The number of ready-to-eat snacking occasions boomers have every year.
Millennials might get the lionshare of marketers’ attention, but when it comes to snacking—which is all the rage in the food industry—it’s boomers who shine, finds The NPD Group (www.npd.com), a leading global information company. Boomers eat ready-to-eat snack food 20% more often than millennials do, according to NPD’s daily tracking of U.S. consumers snacking habits.
While millennials overtook boomers in population number in 2015, both generational groups are large and it’s the size of the prize that appeals to snack manufacturers. In terms of snack eating occasions, the size of the prize is substantial. Based on NPD’s snacking research, annual eating occasions of ready-to-eat snacks per Boomer are about 1200, or a total of 90.4 billion snack eating occasions, and there are about 1,000 snack eating occasions for each Millennial or a total of 83.1 billion snack eatings.
The reasons why each of these generational groups snack are as different as their ages. Millennials reach for what is often a grab-and-go snack because they’re hungry. Boomers snack because they don’t want to prepare a big meal and eat alone more often than other age groups. Both groups choose snacks based on taste and craving.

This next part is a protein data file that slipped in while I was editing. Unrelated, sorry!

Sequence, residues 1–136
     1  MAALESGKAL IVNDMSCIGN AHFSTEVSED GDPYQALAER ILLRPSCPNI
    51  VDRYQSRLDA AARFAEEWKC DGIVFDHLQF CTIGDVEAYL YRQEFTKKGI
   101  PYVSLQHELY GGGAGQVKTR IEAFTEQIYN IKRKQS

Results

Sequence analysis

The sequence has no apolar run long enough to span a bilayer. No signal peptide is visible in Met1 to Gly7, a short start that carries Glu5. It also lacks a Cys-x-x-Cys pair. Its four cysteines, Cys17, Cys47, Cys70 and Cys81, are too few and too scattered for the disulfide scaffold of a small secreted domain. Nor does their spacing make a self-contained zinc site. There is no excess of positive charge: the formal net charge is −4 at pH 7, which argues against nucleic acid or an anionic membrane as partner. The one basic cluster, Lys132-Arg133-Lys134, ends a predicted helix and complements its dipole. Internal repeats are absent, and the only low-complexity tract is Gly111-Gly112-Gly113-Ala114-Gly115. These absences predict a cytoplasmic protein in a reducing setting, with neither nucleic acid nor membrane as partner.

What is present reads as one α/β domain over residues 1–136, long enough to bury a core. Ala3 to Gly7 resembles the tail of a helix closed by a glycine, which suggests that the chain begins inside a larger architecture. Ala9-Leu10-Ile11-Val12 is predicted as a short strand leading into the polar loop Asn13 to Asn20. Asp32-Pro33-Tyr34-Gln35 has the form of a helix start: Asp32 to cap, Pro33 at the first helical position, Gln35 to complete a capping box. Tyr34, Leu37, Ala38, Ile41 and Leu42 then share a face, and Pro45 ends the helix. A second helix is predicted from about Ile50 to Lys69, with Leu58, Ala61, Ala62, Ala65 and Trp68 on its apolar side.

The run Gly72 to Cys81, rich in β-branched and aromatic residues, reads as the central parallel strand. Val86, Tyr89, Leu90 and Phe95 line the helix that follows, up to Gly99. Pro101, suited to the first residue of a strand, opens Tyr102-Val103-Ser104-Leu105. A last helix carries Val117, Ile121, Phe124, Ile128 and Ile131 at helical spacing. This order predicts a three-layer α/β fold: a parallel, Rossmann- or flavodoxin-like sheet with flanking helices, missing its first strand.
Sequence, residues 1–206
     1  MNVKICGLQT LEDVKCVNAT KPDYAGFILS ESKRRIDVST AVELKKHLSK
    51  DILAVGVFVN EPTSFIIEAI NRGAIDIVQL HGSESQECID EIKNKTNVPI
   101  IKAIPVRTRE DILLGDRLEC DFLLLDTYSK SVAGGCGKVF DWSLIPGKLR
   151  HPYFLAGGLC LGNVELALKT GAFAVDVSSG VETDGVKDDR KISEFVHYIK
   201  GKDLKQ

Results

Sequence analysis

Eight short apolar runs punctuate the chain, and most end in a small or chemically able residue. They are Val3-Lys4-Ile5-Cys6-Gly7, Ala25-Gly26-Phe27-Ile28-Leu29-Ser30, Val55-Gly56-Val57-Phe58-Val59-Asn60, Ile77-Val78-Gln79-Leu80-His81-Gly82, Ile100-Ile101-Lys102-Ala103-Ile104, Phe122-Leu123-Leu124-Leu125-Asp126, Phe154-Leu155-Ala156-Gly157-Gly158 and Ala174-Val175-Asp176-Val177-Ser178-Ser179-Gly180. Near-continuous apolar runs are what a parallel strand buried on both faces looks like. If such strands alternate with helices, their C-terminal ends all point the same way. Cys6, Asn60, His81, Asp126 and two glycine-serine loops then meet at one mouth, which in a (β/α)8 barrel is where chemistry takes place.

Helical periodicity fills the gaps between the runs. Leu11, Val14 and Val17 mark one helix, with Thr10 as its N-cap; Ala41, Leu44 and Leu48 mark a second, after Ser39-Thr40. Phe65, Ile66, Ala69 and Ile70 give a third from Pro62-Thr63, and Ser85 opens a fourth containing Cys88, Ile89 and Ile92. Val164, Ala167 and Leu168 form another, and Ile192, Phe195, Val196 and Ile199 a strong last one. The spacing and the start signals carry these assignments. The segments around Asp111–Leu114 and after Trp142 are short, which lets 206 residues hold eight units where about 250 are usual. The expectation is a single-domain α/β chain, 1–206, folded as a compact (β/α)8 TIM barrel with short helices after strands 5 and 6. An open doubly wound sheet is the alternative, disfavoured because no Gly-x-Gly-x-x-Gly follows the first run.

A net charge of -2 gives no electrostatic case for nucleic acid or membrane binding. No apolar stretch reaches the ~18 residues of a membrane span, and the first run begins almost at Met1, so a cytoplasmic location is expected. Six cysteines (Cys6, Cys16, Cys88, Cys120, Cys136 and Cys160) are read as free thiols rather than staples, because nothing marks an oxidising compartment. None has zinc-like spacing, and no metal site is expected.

Millennials are aligned when it comes to the types of ready-to-eat snack foods consumed. Fruit, chocolate candy/candy bars, and potato chips rank as the top three snack picks for both. Boomers and millennials take different paths after the top three with boomers reaching for nuts and yogurt and millennials for the tortilla chips and cookies.
Although boomers hold the top score over millennials in ready-to-eat snack food eatings, they don’t come close to kids when it comes to the amount of snack foods consumed. Kids, ages 2 to 17, consume an average of 1,500 snack foods per year, an above average amount compared to other age groups. Healthier snack foods rank highest with kids, particularly with kids 2 to 5, ages where parents primarily control what they’re eating. Sweet and savory snacks start to creep up in rank with older kids.
“Our snacking research shows us that all snackers are not alike. Motivations, snack food choice, and when and where to snack differs among age groups,” says Darren Seifer, NPD food and beverage industry analyst and author of the company’s Snacking in America study. “Everyone gets it that as a nation we like snack foods but the key for food manufacturers is to find the nuances in snacking behaviors in order to differentiate a brand or find a white space opportunity.”
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